Janssens, Data Analysis at the Command Line (O’Reilly, 2014)

It normally takes me a week or two to read through a new tech book, but Janssens’ Data Science at the Command Line went by quickly. In part, this was because I was unusually excited about the premise of the book. I’ve been working with a number of my own data files recently, both on the command line and in Perl, and I was eager to learn new tricks and techniques. Does Janssens’ book live up to my (admittedly high) expectations? Partly, but the book was also a quick read because it’s more limited than I had hoped.

To start with the positive, Janssens’ book introduces users to a number of the most important command line tools: sed, awk, and grep, among others. A real strength of the book is that Janssens covers a number of lesser-known tools that are welcome additions to the usual suspects: jq (for working with JSON data), curlicue (a curl variant that handles the hassle of OAuth authentication), and the tools of csvkit (for both working with CSV files and converting other formats to CSV). Janssens has even written a few of his own tools that serve to soften the sometimes steep learning curve of the command line.

Furthermore, Janssens gives a helpful overview of ways of working with data on the command line. Like many users, I know a fair amount about working with text at the command line, but Janssens opens up topics like creating attractive visualizations and using GNU Parallel for managing parallel commands. In giving this overview, Janssens demonstrates how the philosophy of the *nix command line can be applied to data analysis. However, the book seems to be intended to prove the viability of doing data analysis at the command line more than to serve as a systematic introduction. Important points are occasionally glossed over; the book fails to mention that regular users will be unable to chmod files outside of their home directory without sudo, for example (pp. 44-5). Likewise, I imagine many readers would benefit from a clear discussion of using the tee command to drop data into a file when you’re piping data all over the place. Janssens gives examples of using sed and awk, but with only brief explanations of how they operate; I imagine that many users will need to turn to the clearer, more systematic discussions in other resources (like Classic Shell Scripting or Unix Power Tools) to really move beyond the examples Janssens provides.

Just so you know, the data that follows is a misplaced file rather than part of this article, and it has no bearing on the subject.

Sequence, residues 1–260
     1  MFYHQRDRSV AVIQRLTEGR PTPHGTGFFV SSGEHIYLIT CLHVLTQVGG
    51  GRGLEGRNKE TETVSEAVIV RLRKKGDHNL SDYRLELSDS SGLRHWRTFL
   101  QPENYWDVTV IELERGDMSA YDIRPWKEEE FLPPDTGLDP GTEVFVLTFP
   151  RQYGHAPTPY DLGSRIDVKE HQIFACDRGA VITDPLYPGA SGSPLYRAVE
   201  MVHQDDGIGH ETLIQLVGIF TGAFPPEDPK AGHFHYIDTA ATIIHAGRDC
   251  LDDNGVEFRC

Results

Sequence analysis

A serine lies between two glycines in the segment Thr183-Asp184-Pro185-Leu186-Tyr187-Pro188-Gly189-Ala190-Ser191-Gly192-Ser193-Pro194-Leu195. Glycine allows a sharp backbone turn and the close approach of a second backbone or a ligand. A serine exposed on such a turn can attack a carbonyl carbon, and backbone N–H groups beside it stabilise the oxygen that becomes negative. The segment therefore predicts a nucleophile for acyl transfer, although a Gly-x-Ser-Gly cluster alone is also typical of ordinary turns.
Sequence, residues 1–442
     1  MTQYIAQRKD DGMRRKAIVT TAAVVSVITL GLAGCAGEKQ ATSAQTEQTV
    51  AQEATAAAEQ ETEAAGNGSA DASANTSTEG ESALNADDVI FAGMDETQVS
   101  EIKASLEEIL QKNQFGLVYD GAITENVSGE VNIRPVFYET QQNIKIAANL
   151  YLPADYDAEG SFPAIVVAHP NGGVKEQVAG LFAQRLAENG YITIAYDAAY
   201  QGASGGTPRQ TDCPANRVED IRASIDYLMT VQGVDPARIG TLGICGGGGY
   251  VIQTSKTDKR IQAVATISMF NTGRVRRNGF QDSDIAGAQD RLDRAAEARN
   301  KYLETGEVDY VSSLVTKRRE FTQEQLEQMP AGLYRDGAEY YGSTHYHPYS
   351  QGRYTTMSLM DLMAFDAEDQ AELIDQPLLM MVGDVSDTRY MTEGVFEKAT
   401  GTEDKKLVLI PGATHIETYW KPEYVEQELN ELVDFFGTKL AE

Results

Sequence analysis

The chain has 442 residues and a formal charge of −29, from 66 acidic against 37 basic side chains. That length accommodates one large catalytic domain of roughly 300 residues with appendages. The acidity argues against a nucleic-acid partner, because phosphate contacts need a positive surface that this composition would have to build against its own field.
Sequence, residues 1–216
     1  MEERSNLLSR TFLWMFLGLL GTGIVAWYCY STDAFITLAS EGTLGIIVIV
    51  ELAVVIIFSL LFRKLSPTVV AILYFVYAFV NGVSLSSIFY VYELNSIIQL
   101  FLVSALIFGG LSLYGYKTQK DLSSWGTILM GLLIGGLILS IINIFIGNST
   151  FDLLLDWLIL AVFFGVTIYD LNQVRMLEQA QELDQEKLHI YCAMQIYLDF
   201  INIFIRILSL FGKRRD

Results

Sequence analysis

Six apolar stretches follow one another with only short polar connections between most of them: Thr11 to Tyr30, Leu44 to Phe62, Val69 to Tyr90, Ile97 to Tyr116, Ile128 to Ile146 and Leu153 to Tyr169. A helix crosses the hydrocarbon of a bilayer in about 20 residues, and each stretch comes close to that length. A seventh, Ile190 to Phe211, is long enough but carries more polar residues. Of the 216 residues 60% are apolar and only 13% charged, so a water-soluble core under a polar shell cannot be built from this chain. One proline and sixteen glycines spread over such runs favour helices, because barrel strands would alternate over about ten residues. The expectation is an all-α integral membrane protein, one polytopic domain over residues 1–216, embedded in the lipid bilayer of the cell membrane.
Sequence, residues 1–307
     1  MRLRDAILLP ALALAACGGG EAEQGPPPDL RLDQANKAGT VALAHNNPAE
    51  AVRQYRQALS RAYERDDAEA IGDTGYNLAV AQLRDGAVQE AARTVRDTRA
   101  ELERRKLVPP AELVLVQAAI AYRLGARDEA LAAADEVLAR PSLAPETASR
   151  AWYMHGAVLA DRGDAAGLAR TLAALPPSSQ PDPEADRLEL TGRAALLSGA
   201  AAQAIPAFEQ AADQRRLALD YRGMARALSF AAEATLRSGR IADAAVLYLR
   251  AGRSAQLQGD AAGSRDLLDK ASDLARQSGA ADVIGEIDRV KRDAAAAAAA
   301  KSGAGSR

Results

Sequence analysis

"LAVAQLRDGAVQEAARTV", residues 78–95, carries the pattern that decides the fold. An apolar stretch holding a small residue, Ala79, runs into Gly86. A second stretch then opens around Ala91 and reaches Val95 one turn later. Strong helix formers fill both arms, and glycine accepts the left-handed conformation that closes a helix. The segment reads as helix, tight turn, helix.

Furthermore, if you’re more comfortable with another way of working with your data than the command line, I’m not convinced that the command line is always the best approach. Some of the approaches Janssens suggests are rather clunky, for example. There are heaps of XML (and HTML) data out there, but the book suggests the awkward approach of converting HTML to JSON to CSV. Having spent time fussing with XML parsing, I genuinely understand the attraction of this approach, but it would have been nice if he’d covered both proper XML parsing as well as just dumping everything into CSV files. (To be frank, I’m not sure there is a robust way to work with XML on the command line, though.)

In conclusion, then, Janssens’ book is worth a read, and I will be exploring the possibilities of command line data analysis in greater detail after reading this book. On the other hand, Janssens book is something of a missed opportunity: it is not the final statement on the subject, and is a bit skimpy as an introductory resource.


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